There’s something intrinsically fascinating about disaster films. Remember that scene in Roland Emmerich’s CGI-fest, ’2012′ where the American President watches as a giant tidal wave looms over his city and comes crashing down? Or the one in Tony Mitchell’s 2007 film ‘Flood’ (pictured opposite), where we see the London Eye, Big Ben and the Houses of Parliament disappear beneath a froth of salt water as millions lose their homes and lives and water engulfs the city? When watching one of these films it’s hard not to wonder what the chances of such a disaster happening actually are.
Whilst events on the scale of those depicted in Mitchell’s fictitious film are highly unlikely, with the right combination of factors, the flooding of London is a very real possibility. There is a 1 in 1,000 chance that, during any given year, London will be flooded by a storm surge, a freak phenomenon caused by extreme weather conditions and a number of contributing factors. However, when we take into the consideration the influence of global warming, this risk and the effects of such a disaster become much greater. After 2030 the likelihood of the Thames flooding will increase anyway, but these chances will be further fuelled by the effects of global warming, which is just one of the reasons as to why this needs to be reduced.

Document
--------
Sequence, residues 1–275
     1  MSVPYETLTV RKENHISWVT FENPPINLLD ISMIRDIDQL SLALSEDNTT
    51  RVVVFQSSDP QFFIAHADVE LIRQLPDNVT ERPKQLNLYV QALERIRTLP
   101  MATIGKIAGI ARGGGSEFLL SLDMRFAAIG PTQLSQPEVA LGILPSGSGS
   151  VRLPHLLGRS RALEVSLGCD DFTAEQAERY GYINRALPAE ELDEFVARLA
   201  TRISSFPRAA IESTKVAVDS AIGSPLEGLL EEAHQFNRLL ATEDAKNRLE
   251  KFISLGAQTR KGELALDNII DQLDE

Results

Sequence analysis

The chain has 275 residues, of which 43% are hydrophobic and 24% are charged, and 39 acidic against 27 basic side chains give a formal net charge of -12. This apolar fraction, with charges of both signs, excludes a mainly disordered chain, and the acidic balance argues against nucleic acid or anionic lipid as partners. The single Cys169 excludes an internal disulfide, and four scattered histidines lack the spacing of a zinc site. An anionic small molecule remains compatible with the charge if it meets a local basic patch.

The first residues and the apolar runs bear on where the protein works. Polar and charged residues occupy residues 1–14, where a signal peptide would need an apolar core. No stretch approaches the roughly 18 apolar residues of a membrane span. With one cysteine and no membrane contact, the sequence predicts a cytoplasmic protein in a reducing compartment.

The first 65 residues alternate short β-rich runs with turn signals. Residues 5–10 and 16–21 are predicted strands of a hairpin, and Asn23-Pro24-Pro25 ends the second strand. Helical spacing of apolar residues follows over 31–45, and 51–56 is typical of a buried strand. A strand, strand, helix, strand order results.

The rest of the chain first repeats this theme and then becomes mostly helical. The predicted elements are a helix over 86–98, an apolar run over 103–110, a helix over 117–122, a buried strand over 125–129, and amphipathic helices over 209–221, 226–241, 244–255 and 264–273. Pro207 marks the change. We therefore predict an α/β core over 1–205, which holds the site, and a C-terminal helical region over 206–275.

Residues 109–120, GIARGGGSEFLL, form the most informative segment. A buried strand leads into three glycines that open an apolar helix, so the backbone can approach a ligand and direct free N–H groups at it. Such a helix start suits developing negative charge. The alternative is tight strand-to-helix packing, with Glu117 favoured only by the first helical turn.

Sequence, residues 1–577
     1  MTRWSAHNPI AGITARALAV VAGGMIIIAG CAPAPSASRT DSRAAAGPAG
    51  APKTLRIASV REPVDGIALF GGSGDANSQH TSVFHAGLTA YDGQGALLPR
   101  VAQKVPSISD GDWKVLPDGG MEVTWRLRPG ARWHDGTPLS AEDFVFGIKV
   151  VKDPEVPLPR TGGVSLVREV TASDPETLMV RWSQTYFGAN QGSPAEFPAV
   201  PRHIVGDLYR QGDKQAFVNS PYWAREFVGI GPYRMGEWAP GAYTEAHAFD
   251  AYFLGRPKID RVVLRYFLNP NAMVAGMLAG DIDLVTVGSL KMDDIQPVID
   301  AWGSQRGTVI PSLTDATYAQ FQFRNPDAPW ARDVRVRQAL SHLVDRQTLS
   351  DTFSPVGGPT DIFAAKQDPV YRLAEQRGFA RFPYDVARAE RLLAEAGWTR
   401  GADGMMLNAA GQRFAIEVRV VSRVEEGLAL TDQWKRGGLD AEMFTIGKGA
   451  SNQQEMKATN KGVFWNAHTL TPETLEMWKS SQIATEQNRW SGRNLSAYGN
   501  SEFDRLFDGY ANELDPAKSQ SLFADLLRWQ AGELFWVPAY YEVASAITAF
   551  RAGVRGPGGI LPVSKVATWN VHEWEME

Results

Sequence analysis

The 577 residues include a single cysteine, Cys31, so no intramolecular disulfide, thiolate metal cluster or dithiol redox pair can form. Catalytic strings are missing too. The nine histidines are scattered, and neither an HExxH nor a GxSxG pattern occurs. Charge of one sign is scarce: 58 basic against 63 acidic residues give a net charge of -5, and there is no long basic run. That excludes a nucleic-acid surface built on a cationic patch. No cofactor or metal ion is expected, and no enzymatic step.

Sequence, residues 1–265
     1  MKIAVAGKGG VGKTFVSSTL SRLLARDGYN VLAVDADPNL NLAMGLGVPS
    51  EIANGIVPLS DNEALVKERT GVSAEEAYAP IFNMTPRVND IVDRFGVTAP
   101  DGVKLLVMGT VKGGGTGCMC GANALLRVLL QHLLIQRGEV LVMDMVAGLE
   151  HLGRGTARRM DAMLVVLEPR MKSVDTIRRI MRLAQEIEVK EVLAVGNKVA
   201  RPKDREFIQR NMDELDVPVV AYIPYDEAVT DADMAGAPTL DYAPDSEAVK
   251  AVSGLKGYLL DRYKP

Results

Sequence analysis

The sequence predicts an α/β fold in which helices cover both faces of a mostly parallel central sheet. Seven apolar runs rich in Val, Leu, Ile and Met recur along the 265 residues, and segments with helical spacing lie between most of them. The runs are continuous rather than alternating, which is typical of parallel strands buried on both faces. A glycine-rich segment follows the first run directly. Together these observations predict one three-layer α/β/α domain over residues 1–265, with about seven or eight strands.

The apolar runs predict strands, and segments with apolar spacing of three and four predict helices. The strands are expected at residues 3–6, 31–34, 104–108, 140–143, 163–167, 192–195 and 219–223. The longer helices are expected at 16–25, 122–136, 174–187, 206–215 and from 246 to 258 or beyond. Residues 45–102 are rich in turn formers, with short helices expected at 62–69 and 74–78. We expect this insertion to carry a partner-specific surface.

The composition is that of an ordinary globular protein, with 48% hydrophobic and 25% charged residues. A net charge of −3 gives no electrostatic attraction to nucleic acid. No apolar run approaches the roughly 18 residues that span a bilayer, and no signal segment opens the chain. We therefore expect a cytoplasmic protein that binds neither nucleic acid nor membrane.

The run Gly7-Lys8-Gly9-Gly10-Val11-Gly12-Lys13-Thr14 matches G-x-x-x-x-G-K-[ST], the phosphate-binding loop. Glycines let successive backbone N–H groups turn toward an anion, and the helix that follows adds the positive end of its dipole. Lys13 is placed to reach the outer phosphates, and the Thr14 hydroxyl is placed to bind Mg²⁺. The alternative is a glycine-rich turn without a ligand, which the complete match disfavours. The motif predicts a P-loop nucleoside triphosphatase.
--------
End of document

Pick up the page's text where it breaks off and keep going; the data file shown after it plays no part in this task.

This website explores the likelihood of such an event occurring in London and exactly what would happen if it did take place. It examines the phenomena of storm surges, demonstrating how, with the right combination of factors, these can be lethal to coastal cities. Then, using this information, it reconstructs what might happen if such a storm surge were to flood London before explaining how the effects of global warming contribute to this risk and how it can be reduced. In order to demonstrate how the city would be affected by floods we have divided it into East London, Central London and West London. To find out what would happen in each area and which landmarks might be damaged you can click these links or click on parts of the map below.